Posts Tagged ‘UK’

Facebook Has More Arab Members than All Arab Newspaper Readers Combined

May 25th, 2010 Comments off

A new report says that Facebook now has 15 million subscribers in the Arab world while all Arab newspapers — in Arabic, French and English combined — sell ony 14 million copies.

That link is to a BBC story. You can find the summary from Spot On Public Relations (a Dubai-based PR firm) here. The full report in PDF is here. (And yes, the PR firm is on Facebook.)

Some of their findings from their website:

MENA’s top five Facebook country markets, Egypt, Morocco, Tunisia, Saudi Arabia and the United Arab Emirates, account for 70% of all users in the region.

50% of MENA Facebook users have selected their primary language for using Facebook as English, with 25% preferring French and just 23% Arabic.

Only 37% of Facebook users in MENA are female (compared with 56% in the USA and 52% in the UK). Only Bahrain and Lebanon Facebook communities approach gender equality with female users accounting for about 44% of total users.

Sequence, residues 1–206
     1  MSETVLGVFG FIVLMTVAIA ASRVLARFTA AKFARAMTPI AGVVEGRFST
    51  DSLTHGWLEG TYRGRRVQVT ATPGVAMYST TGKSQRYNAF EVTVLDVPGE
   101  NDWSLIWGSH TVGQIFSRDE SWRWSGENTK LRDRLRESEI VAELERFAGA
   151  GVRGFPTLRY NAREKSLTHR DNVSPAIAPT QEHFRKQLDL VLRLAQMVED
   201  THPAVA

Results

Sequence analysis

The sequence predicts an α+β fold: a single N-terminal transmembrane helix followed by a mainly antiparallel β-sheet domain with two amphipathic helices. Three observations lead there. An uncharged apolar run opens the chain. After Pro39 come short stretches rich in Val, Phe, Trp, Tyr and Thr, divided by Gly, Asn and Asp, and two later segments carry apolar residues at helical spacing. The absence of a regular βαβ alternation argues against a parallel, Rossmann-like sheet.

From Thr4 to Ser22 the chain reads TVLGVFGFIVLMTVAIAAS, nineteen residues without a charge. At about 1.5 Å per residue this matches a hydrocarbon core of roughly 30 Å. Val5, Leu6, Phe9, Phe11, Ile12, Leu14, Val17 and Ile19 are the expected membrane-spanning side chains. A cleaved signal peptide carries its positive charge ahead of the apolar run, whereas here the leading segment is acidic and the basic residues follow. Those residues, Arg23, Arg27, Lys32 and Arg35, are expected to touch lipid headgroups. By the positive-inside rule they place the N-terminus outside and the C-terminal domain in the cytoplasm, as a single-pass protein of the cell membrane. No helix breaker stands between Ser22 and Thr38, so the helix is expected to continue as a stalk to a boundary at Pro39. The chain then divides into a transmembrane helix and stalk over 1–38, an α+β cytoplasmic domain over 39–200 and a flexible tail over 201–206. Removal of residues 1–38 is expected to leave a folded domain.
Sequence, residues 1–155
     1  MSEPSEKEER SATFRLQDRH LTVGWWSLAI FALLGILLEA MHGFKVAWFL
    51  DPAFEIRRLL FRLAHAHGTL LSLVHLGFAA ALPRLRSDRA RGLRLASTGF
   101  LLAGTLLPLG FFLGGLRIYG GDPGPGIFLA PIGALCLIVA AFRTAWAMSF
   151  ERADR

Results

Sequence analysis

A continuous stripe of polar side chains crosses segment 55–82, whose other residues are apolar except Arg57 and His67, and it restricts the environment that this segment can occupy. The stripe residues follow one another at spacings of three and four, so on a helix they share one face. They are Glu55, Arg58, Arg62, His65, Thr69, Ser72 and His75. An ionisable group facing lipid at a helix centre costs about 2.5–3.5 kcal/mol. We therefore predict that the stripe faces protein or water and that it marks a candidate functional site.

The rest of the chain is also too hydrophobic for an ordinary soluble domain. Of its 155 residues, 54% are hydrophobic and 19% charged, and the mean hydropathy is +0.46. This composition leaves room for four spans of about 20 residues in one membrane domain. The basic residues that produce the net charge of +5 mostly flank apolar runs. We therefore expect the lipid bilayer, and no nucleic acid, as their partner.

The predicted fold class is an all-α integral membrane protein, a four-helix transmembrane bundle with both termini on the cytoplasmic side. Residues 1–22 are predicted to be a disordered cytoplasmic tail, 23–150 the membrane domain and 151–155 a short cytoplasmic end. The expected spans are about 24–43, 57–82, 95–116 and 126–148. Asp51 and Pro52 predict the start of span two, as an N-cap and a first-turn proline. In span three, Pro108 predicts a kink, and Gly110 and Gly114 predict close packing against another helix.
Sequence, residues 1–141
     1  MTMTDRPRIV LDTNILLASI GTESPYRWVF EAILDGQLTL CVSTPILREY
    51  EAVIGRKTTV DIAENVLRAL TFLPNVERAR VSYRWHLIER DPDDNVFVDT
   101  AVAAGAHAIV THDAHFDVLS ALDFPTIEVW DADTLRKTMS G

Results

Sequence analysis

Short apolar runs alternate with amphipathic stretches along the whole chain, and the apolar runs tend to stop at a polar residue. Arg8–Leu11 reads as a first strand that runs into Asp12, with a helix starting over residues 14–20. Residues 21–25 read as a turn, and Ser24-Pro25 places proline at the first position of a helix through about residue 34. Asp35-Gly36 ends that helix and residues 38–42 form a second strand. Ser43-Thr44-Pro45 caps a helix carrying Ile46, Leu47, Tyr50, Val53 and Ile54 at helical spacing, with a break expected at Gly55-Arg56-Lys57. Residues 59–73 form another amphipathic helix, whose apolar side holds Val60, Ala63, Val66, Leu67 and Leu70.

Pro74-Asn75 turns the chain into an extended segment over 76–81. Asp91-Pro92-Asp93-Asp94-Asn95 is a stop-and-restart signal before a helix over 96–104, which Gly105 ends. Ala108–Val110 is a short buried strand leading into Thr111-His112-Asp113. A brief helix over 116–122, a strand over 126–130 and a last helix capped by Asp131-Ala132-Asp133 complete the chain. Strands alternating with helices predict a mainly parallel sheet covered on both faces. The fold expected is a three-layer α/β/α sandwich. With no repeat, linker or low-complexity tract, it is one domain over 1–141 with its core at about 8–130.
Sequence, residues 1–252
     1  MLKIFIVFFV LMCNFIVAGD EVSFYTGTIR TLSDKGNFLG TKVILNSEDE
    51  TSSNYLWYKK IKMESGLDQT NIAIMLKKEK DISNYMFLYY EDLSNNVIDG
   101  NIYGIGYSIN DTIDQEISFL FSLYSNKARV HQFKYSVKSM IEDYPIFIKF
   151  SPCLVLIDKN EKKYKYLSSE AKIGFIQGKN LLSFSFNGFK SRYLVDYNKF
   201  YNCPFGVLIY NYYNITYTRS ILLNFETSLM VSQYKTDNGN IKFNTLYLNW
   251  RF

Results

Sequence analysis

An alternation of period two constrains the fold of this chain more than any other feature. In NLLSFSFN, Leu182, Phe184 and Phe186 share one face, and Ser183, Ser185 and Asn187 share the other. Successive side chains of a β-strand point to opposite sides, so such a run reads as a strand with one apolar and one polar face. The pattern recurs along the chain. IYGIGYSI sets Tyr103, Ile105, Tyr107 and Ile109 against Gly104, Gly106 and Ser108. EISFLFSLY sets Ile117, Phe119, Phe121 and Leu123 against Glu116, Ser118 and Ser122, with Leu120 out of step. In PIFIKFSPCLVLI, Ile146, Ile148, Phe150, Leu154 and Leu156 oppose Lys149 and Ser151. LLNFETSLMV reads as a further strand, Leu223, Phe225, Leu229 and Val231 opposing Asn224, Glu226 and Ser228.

The GCC has five million Facebook users, which Saudi Arabia and the UAE representing 45% and 31% of that total respectively.

North Africa has 7.7 million Facebook users, with Egypt accounting for 3.4 million users (or 44% of all North Africa users). Egypt has the largest Facebook community in MENA.

Francophone countries Algeria, Morocco and Tunisia together account for 3.7 million French speaking Facebook users, equivalent to nearly 25% of all MENA users.

As the BBC report notes, the study doesn’t go into how many of these users are using Facebook: political activisim gets a lot of attention but presumably there’s a lot of the same kind of social chatter we see in the West; the Middle Easterners I’m linked to on Facebook seem all over the place in what they post.

And of course, if you equate the sale of one copy of a newspaper with its having one reader, you’ve never been in a Middle Eastern coffeehouse.